How I Almost Threw Out the Most Beautiful Part of My Kitchen

When we purchased our 1870s home, it came with several pieces that were very appropriate to the period of the home. The previous owner Mr. Hoffman who had restored it was a collector and a fan of period pieces. One very distinctive and lovely piece was this Reliable, American Made Stove. This thing is lovely. 

However, it was restored to the original condition meaning open flames that were constantly on like a pilot light. 

Old House Diary Reliable American Made Antique Stove

When we were first in the house, we tried to work with it. One Sunday, my daughter and I were cooking up our meals for the week, when I turned my back to it. It went Vroof. I looked back at my daughter. 

"Are you alright Mom?" She asked looking at me with large eyes and blinking.

"Yes," I said. "What happened?"

"The flames shot out from the stove but seemed to part away from you." 

Well chalk that up to the Old House Diary ghost or my guardian angel I was fine. But the stove had to go. 
Old House Diary Reliable Antique StoveI did some research on the web and found a place in Michigan that specialized in old stoves. (AntiqueStoves.com) The owner was fantastic. He could date my stove to the 1920s and said some of its parts were from Germany and had the original "swastika" on them which was a symbol that meant love and peace before Hitler took over the symbol. 
He valued it at about a couple grand. It would be $3,000 to bring up to current standards, but when that was done its value would be about $18,000. 
Sounds nice, but who has $3,000 sitting around. So I was going to sell it.

But after looking around the kitchen, I realized the previous owners had designed the entire kitchen to match this stove. I needed to get clever. 
Old House Diary Reliable Stove Close Up

So what we did was we searched for a "drop in" range like the kind you would drop into a counter top. We needed the exact dimensions to fit. 

We got pretty close. Our plumber Phil then shut off the gas to all the ovens and units, essentially making it into a counter top. 
Old House Diary: How to Retrofit an Antique Stove
 Phil cut a piece of laminate to fill in the space that didn't fit to the right. He dropped in the range top and it works great. It's now more safe for an active family.

When people stop in to visit, the kitchen always gets a complement for the stove.

Margee Moore is a marketing professional and mother of two. She blogs about family and restoring her 1870s home for Old House Diary and Moxiemom. She is author of the book, Sleeping with the Laundry: Notes from the Mommy Track.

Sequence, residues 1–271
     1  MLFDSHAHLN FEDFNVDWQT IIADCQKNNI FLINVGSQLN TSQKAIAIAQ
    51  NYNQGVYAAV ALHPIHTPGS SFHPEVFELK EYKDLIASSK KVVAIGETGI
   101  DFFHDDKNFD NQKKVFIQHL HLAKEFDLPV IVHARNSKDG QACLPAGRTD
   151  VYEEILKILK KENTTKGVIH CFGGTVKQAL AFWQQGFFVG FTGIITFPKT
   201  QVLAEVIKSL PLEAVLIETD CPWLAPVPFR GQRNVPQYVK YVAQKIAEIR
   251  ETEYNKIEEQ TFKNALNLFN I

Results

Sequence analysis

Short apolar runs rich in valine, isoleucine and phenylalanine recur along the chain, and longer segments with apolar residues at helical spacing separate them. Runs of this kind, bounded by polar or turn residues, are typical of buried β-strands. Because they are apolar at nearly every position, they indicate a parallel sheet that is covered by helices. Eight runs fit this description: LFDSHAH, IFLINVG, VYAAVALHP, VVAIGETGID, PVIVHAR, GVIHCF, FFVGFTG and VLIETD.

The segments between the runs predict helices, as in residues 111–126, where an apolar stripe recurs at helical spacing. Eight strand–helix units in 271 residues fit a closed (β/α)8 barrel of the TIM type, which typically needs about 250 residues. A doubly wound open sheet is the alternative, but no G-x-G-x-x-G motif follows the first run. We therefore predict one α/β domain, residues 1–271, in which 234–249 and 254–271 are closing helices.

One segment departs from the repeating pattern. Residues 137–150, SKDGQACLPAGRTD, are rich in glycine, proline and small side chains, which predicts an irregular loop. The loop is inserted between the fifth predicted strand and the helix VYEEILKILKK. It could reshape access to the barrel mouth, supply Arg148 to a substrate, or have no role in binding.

The Power of Gratitude

Here's a quick lesson in marketing from a cottage industry crafter on the other side of the globe. Earlier this year, I purchased a unique poncho on Etsys from a lady in Turkey.
I had reached out to this Etsys shop owner Bilges to see if she could create her striped poncho in custom colors of the Irish flag for St. Patrick's Day. 
We spent time back and forth on the site looking at the colors. We agreed and she hand knit my poncho. It arrived in time for the holiday, directly from Turkey. The global community of crafters that is Etsys never ceases to amaze me, one world indeed. I truly believe commerce and trade is the way to world peace.

So here's the lesson we can take back to our savvy digital marketing world: it is that there is power in authentic gratitude. Along with my poncho, a handwritten card was included in the package.
In the note, she shared her joy in creating the poncho and included a small token from her culture before asking sincerely for a rating which would help her grow her business. Of course I happily helped out by spreading the joy with a 5-star rating. 

Sometimes it's the small thoughtful extra touches that build a relationship. In business we can apply this to something as simple as sending a handwritten card at the close of a project. Maybe even a gift basket of cookies or fruit for an office. The reminder here is to pause to say thanks. 

Margee Moore is an inbound marketing professional, digital marketing consultant and mother of two teens. She is author of the book Sleeping with the Laundry: Notes from the Mommy Track available on Amazon. 

Much Ado About A Do

The other day I tried on this new fake hair scrunchie that's a long ponytail style. 
"You look like Barbie," my daughter said.

OK. I was thinking. Barbie has been an architect, scientist, paleontologist, astronaut, maybe even President. So I'm thinking, OK, compare me with Barbie. That sounds good. 

"Yeah," she continued, "Barbie's Mom. You look like Barbie's Mom."

"Umm. Thanks?" I said. I don't think that's quite a complement.